Choose the right accounting methods
Once you've chosen the right software, you'll need to decide how you're going to use it. That means working out which accounting methods best fit your business. The examples here will give you an overview, but you should discuss this further with your accountant or financial advisor:
- Job order costing: Generally used for batch manufacturing (as opposed to product tracking). It's calculated by recording labour hours and raw materials units required for each batch.
- Process costing: Handy if you run a production line, continuously manufacturing the same products or parts. Costs are accounted for by department instead of by job.
- Activity-based costing: For use when fine-tuning and improving a manufacturing process. This can also be tied to activities such as customer service. Time-driven activity-based costing is a variation of this, which accounts for costs over a given period.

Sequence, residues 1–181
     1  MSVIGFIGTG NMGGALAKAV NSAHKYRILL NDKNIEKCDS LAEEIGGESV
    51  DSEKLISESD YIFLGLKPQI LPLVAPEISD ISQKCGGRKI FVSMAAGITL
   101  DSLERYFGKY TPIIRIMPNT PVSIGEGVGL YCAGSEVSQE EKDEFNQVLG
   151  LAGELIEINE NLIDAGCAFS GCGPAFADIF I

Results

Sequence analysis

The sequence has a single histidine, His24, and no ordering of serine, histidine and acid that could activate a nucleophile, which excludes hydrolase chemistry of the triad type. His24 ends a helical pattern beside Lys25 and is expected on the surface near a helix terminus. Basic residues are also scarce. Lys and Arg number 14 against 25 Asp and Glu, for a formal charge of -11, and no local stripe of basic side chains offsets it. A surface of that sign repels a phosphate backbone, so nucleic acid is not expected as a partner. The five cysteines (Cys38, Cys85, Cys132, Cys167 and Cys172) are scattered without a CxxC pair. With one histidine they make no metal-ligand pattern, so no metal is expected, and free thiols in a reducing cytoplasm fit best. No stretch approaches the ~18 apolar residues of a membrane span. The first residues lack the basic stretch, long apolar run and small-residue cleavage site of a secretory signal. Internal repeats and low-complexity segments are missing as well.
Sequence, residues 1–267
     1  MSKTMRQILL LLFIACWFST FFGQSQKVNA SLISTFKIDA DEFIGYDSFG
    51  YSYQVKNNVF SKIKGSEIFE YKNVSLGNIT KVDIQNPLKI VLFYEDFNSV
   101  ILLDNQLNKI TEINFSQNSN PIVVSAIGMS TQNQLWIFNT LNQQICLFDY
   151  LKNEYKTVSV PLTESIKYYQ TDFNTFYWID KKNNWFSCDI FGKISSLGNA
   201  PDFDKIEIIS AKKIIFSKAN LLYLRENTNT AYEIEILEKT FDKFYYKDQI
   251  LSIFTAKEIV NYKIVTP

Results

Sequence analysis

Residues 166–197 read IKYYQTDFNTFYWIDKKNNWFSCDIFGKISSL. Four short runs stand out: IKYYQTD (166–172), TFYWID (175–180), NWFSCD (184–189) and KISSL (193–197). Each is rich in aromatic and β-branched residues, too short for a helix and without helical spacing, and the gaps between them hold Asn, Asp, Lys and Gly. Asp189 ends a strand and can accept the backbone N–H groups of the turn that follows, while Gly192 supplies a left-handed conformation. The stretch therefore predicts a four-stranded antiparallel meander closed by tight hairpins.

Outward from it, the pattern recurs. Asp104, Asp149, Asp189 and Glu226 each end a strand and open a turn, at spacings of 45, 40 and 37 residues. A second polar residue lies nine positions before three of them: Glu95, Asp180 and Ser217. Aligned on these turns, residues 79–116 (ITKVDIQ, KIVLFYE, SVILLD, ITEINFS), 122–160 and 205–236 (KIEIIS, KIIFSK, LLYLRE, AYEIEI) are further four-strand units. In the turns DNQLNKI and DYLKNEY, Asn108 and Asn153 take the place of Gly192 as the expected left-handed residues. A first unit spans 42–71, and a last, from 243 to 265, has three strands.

- Variable costing: Would be used in a similar way to overhead costs, but this varies with production output – the more product you make, the higher the costs.
- Absorption costing: Used when the product cost includes all variables and fixed manufacturing costs – raw materials, labour costs and factory overhead (FOH).
- Other costing methods: Depending on where in the world you do business, other terminology might include standard costing, actual costing, weighted average costing and resource consumption accounting. These include elements of the methods listed above, but sometimes in a different structure.
If all this sounds confusing, don't worry. It'll make more sense when you start applying the methods to your own business. There's no one-size-fits-all, and you may find yourself using different methods for different parts of your organisation.
Keep track of your business data